20.   The government has reiterated that it feels hotels are not appropriate as asylum accommodation and plans to close them will continue throughout 2024. The Home Office has not provided an exact target date to end the use of hotels but following recent work to close 50 hotel sites by January 2024, Home Office communicated that efforts to close more sites will follow soon with a second tranche of closures underway.  As sites close, Home Office will continue to source new large-scale alternative accommodation sites for new arrivals, and we will likely see the development of such sites in our region in the future, with one site in Kirklees already in progress.  

21.   We may see some new towns and areas receive asylum seekers in dispersal accommodation as the Home Office is still working on plans to implement full dispersal as it seeks to utilise available housing in newer areas, traditionally not considered asylum dispersal areas. Long-term Home Office plans around the regional and national distribution of dispersed asylum seekers are not yet known to local authorities. 

22.   There will likely be increased coverage/scrutiny of the still growing asylum ‘flow backlog’ of outstanding claims and presumably a lot of the people whose claims were treated as inadmissible could come back into the system where third country returns are not concluded. Whilst the government says it has met its pledge to clear the legacy backlog claims in 2023, the current flow backlog remains high. The Home Office will have an additional challenge processing different cohorts as differing systems apply based on when someone arrived in the UK, and some of the policy around this remains undecided. This is a result of provisions from Nationality and Borders Act and Illegal Migration Act coming in to force at different times. Home Office has already announced a pause on processing some claims affected by inadmissibility decisions in light of the Rwanda judgement. There’s also the possibility of increased numbers of refusals being challenged in the courts and withdrawn claims coming back into the system. The complexity of understanding the different cohorts is likely to cause confusion for stakeholders, services and asylum claimants themselves.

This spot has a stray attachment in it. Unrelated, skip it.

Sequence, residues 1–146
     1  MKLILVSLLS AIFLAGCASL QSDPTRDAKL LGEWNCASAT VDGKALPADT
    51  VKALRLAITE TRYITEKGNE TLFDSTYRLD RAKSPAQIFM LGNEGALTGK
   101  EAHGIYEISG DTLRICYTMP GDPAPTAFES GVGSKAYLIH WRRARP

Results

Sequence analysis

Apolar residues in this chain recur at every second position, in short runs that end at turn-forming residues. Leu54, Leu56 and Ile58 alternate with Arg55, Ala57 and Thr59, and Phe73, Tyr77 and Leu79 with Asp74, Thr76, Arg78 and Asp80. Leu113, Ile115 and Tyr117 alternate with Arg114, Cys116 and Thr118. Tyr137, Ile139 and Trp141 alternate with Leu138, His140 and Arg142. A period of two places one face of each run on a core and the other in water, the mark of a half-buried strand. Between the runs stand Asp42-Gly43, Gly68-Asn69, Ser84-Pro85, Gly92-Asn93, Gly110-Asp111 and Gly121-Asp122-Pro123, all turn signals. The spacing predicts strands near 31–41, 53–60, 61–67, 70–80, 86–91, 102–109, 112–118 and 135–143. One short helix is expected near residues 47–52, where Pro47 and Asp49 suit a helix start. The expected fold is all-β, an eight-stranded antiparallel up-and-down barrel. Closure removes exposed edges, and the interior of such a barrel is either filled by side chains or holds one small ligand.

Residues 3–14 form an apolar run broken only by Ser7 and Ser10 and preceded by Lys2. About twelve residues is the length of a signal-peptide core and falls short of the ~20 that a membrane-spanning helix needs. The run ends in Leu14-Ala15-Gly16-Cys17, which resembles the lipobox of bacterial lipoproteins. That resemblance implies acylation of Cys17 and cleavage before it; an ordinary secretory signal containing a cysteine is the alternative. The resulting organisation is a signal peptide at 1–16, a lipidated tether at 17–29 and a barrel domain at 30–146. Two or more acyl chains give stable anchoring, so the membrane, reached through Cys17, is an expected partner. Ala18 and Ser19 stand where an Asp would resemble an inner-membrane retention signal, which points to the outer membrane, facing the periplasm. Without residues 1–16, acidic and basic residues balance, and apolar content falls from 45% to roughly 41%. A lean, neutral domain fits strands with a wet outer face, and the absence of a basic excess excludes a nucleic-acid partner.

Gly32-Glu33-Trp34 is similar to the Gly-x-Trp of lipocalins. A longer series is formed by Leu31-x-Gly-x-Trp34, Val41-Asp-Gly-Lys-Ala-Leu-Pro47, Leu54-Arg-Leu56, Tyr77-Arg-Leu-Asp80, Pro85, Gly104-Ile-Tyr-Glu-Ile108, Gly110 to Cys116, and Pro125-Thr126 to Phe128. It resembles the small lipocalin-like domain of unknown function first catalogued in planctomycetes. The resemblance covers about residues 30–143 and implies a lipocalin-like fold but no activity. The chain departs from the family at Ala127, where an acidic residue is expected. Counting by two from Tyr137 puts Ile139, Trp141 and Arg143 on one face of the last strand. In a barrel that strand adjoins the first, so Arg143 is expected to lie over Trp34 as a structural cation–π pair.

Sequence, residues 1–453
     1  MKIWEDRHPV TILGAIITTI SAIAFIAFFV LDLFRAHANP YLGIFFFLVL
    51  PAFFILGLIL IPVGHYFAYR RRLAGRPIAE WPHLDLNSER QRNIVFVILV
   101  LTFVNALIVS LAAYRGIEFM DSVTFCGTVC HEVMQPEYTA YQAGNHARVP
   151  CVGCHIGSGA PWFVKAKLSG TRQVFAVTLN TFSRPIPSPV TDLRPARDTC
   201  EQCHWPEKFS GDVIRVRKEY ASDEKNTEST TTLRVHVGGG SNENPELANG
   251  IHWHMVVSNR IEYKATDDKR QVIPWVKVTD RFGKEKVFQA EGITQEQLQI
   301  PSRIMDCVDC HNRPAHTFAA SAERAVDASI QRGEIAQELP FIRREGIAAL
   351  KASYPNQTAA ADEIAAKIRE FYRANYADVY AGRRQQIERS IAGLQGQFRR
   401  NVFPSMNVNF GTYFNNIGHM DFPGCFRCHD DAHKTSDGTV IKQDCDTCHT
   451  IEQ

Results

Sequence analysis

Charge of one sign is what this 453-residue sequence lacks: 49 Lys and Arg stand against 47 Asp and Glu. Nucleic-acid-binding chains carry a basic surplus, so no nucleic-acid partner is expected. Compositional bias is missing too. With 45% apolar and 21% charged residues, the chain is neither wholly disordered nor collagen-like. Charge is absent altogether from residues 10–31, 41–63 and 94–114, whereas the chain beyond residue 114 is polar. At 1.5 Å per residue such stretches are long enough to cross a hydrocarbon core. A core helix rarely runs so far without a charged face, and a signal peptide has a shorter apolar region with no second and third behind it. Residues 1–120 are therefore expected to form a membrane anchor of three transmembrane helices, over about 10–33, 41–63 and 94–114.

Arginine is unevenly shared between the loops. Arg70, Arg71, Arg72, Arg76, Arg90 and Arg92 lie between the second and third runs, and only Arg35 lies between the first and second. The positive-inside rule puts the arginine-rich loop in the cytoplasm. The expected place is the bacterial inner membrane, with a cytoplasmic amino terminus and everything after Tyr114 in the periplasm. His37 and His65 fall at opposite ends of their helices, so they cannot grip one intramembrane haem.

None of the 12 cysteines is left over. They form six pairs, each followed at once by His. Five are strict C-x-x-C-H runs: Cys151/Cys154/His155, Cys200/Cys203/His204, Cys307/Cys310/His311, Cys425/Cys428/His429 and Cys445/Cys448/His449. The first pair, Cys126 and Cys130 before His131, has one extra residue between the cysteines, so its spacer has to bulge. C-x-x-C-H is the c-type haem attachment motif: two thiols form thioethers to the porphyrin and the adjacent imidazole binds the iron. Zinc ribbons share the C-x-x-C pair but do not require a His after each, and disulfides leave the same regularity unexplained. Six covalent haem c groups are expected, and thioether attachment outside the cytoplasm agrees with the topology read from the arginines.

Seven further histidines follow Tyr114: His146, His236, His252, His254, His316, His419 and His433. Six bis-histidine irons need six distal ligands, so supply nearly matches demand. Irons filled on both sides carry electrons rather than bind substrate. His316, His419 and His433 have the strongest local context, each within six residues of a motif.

23.   Local authorities and VCS groups will likely continue to face challenges supporting newly granted refugees amid housing pressures, as asylum decision-making is expected to continue to be high as the Home Office work to clear the backlog and make space in the asylum accommodation estate for new arrivals. 

24.   As the general election nears, it is anticipated by anti-racism campaigners that far-right groups could look to exploit community tensions where asylum hotel sites or dispersal communities are located. Local authority community safety teams and policing will be aware that this issue is ongoing. 

25.   Local authorities will be awaiting news from Home Office on whether a new round of asylum grant funding will be made available. This current funding is due to end at the end of March 2023 and it remains unknown if Home Office plans to continue supporting local authority responses and to what extent.  


26.   2024 could see the practical implementation of some important changes affecting unaccompanied children. This includes sections of the Illegal Migration Act 2023 that reform elements of the National Transfer Scheme and its operation such as placing duties on local authorities to comply with requests within specific timeframes or face the risk of penalty orders. Moreover, the Act provides powers for the Home Office to accommodate and support unaccompanied children as well as end placements with local authorities and transferring their care to the Home Office. If utilised we could see Home Office use these powers to end a child’s looked after status with a particular local authority with a view to transferring them to other local authorities more rapidly.  

27.   We could begin to see the use of scientific methods as part of the age-assessment process in the coming year. The Immigration (Age Assessments) Regulations 2024 which legislated the use of scientific methods of age-assessing children came into force in January. There may be some backlash from medical bodies and campaign groups in response to this.